So some British think tank called the “Legatum Institute” has published an index of the best countries in which to live. Apparently they’ve been doing this every year for a while now, but it just now caught my eye.
Let me start by saying that I find this index pretty dubious. (N.B., there are a lot of bad international indexes out there. Don’t get me started on the American Heritage Index of Economic Freedom.) The Legatum Institute’s staff appears to be a mixture of warmed-over Thatcherites and recently-unemployed American conservatives. So it’s not surprising that the top 20 countries are dominated by western Europe and the Anglosphere, while the bottom ranks are all former colonies full of brown folk.
To make matters worse, they’re being shifty about their methodology. If you download the report (.pdf), you’ll find that it says it’s using 79 different variables, assigned to nine sub-indexes. But it does not say clearly what these variables are, nor where the information is coming from, nor whether they are weighted to create the sub-indexes. The sub-indexes are not weighted, which is another bad sign — they’re just taking the scores that they’ve generated and averaging them together.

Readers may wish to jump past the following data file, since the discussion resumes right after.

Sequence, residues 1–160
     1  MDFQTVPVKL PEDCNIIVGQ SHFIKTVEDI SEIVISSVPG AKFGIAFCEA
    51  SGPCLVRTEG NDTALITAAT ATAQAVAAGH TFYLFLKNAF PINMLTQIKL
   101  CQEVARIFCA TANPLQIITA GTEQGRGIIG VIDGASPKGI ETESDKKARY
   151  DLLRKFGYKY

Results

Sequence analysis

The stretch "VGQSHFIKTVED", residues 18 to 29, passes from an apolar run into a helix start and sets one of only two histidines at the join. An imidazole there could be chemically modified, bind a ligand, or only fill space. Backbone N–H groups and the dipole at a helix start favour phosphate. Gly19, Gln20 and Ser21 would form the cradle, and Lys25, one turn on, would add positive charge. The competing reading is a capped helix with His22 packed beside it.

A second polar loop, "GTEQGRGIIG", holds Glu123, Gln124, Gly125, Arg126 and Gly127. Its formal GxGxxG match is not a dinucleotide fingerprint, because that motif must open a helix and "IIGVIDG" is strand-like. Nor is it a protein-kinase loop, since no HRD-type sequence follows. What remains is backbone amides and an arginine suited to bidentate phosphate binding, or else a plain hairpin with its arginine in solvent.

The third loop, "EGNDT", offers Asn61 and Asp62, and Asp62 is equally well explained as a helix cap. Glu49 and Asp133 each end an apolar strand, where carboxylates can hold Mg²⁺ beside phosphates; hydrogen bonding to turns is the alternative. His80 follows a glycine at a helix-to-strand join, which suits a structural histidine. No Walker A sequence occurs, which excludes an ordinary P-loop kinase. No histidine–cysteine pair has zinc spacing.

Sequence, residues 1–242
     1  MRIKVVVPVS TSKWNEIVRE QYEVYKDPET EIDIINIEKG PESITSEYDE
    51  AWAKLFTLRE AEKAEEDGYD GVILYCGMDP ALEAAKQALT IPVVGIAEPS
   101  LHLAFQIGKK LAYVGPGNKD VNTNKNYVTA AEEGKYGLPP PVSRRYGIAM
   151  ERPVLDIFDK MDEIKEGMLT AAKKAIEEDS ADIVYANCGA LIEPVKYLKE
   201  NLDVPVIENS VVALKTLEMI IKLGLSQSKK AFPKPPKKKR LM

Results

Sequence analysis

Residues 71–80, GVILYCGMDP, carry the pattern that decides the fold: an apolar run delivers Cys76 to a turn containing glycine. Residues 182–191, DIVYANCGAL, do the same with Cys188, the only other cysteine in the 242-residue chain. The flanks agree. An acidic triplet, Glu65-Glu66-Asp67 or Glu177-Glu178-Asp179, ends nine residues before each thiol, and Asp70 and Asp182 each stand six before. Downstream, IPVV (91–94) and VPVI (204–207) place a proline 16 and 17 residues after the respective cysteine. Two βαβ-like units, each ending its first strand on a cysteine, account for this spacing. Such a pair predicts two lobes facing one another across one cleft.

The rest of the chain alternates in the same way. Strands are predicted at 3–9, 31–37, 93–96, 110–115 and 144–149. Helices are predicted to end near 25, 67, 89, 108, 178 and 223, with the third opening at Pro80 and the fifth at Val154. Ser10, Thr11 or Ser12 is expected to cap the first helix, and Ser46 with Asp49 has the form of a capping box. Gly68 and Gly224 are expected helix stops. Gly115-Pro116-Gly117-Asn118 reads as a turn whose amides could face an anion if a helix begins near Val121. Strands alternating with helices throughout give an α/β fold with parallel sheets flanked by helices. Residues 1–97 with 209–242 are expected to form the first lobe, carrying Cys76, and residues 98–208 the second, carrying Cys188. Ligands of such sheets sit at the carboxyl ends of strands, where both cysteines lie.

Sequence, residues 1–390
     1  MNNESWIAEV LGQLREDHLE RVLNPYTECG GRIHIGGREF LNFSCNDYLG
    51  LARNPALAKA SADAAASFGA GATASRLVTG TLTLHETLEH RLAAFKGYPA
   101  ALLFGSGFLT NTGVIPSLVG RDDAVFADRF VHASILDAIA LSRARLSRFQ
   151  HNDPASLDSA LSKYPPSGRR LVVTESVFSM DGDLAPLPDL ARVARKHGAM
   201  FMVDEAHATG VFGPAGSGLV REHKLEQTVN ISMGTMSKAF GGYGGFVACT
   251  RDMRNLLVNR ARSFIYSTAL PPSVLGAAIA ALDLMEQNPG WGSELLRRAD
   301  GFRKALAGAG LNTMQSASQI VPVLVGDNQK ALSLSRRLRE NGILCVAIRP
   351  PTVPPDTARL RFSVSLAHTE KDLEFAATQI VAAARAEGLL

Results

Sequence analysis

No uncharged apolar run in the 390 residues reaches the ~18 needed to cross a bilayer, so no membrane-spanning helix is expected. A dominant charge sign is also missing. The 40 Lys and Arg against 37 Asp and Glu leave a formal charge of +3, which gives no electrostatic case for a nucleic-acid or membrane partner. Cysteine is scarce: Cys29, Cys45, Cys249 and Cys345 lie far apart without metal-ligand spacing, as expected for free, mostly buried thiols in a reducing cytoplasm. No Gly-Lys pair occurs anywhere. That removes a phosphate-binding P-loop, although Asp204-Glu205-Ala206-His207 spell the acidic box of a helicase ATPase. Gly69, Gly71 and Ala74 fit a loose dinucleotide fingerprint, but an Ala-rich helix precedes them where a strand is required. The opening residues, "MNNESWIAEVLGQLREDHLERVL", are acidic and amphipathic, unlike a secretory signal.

Meanwhile, Iraq and Afghanistan are conspicuously missing. Okay, that could be from a lack of good data. On the other hand, they found enough data to go forward in Sudan, Yemen, and the Central African Republic. And having Mugabe’s Zimbabwe absolutely last makes me say “hm” — I can think of half a dozen places that should be in contention, from North Korea to the Congo — as does the very low rank given to Hugo Chavez’ Venezuela. (I’m no fan of Hugo’s. But Venezuela is the worst country in Latin America? Even after throwing out Guyana and a few other small countries that weren’t ranked, that’s a very large “hm” indeed.)
Having said that, this index is at least interesting.
Here are the top 10:
9. United States
10. New Zealand
12. United Kingdom
And here are the bottom 12:
101. Central African Republic